• The History Chicks: I used to love Stuff You Missed In History Class, but was ready for something new. Then I discovered The History Chicks and the rest, well, is history. (Sorry, couldn’t help myself.) Unpretentious, informative, and wonderfully told, this podcast features hosts Beckett Graham and Susan Vollenweider, two women who describe the show as such: Two women. Half the population. Several thousand years of history. About an hour. Go. And really, that’s all you need to know. I especially loved their Dorothy Parker episodes (listen to one & two). Check out the website here and an interview from my very own hometown newspaper, The Kansas City Star, here.
  • Missing Richard Simmons: As someone who vividly remembers Sweatin’ to the Oldies in my living room with my siblings a child, I have become absolutely entranced by the “disappearance” of Richard Simmons. So when I started hearing, rather reading, about it on the internet, my iPhone couldn’t download it fast enough. Filmmaker Dan Taberski started this podcast as a way to search for Richard, or possibly as a way to reach him. In any case, it’s bizarre, enthralling, and really shows you a side of Richard Simmons we all most likely underestimated; he affected so many people’s lives in a positive way. Though I will admit at times you do find yourself wondering if maybe we should just leave Richard alone, I will also admit that I can’t stop listening. Check out the website here.
  • Uhh Yeah Dude: The podcast I’ve been most loyal to the longest, Uhh Yeah Dude features hosts Jonathan Larroquette (son of actor John Larroquette) and Seth Romatelli discussing, debating, and making fun of all kinds of current events happening in America. After all, their tagline is “America through the eyes of two American-Americans.” With more than 500 episodes(!), I often find myself listening to old episodes in between the new ones because I just love these guys so much. Check out their website here, and this rad video about the show here.
  • WTF with Marc Maron: I really love listening to comedians talk when they’re not “on.” So, WTF with Marc Maron is an obvious favorite. Hearing about their struggles before and after success, really makes it known that no one has it easy. And more importantly, as someone who struggles with using humor to cope with my anxiety, so many of the interviews talk about the oft unsung side of comedy; how so much of humor is used to mask anxiety, how much of it is rooted in insecurity. Marc Maron is a podcast king and boasts episodes featuring comedians Conan O’Brien, Robin Williams, Will Arnett, Ben Stiller, Lorne Michaels, and even politicians including President Barack Obama. Check out the website here, where you can also find tons of articles that dive into the podcast’s history, success, and notable moments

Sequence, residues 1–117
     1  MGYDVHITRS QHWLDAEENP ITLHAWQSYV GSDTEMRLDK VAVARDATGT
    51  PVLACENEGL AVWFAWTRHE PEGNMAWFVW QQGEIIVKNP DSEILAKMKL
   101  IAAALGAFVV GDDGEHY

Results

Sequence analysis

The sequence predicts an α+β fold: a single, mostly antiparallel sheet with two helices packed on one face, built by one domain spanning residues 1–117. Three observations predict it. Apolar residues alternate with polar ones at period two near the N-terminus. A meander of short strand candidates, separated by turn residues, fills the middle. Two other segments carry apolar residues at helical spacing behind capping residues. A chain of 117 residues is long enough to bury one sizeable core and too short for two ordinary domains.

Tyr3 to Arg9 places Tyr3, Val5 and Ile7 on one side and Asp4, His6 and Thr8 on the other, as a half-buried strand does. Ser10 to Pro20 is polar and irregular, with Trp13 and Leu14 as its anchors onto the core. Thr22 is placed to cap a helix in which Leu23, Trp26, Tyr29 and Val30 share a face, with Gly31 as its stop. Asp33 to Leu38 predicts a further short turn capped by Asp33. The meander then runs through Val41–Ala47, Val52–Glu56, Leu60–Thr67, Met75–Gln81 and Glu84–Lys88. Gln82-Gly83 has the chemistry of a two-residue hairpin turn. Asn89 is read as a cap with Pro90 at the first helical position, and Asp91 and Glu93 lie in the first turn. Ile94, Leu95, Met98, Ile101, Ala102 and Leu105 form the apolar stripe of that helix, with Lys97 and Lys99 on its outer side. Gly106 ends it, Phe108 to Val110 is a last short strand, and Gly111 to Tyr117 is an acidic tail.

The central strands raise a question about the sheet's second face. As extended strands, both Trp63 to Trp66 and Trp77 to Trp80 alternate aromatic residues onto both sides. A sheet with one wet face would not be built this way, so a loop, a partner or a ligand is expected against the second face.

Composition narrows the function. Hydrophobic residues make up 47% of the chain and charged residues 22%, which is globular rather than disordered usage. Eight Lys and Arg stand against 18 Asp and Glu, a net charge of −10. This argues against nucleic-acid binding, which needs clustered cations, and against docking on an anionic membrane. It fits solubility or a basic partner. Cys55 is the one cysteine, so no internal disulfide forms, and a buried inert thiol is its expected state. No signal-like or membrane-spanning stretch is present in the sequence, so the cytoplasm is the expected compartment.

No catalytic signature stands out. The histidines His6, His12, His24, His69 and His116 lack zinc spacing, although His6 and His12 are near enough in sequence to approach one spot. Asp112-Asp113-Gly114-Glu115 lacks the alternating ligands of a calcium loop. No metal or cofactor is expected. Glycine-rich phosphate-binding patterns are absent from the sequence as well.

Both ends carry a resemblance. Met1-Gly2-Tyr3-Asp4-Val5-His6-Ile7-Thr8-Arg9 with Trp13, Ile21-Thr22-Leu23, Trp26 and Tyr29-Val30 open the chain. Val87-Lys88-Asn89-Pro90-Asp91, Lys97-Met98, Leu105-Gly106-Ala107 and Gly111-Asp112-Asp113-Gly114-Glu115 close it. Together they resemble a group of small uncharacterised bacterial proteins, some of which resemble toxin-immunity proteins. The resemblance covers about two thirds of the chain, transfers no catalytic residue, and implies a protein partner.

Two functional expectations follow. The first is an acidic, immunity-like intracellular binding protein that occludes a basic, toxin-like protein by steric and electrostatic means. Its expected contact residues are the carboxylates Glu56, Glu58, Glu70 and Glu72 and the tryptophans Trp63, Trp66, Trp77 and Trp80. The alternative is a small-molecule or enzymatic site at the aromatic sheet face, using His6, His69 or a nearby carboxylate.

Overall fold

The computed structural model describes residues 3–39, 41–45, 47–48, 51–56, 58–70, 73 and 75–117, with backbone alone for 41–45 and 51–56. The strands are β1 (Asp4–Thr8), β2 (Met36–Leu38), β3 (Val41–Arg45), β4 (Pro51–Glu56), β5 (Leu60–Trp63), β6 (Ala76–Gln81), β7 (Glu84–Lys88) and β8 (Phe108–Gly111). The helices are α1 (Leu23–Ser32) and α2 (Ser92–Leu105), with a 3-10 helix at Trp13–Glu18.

• My Favorite Murder: With such a name, it’s a bit of a gamble when you mention this podcast to anyone outside of the podcast-sphere. But stay with me for a second if you’re confused, I promise it’s not as weird as it sounds! My Favorite Murder (MFM) is hosted by two women who are self-proclaimed lovers of true crime. I mean, there’s a reason there’s literally a channel called Investigation Discovery and shows like NCIS and Law & Order: SVU are such hits; human beings are fascinated by the absurdities life can sometimes deliver. And, unlike many true crime podcasts, My Favorite Murder offers a light-hearted take on the bizarre, while keeping it respectful. Having been a die-hard Unsolved Mysteries fan as a child (totally appropriate, I know), I’ve really enjoyed dipping my toe back into the true crime genre without it being too terrifying. Because being a grown up is frightening enough, am I right? Check out the website here, and SSDGM. 
  • #HerStory: In a similar vein to that of The History Chicks, #HerStory tells the stories of 50 historical women, but instead of having the same host every story, invites contemporary women ranging from elected officials, academics, and mothers, to filmmakers, authors, activists, and CEO’s to tell the historic women’s stories. A bit bummed it only has 50 episodes, but a great listen nonetheless. Check out the website here, and read more about the project sponsor, Chick History, here

There are many more, but these seem to be playing in my earbuds the most as of late. I am also looking for new recommendations, so don’t hesitate to send them through!

“After nourishment, shelter and companionship, stories are the thing we need most in the world.” – Philip Pullman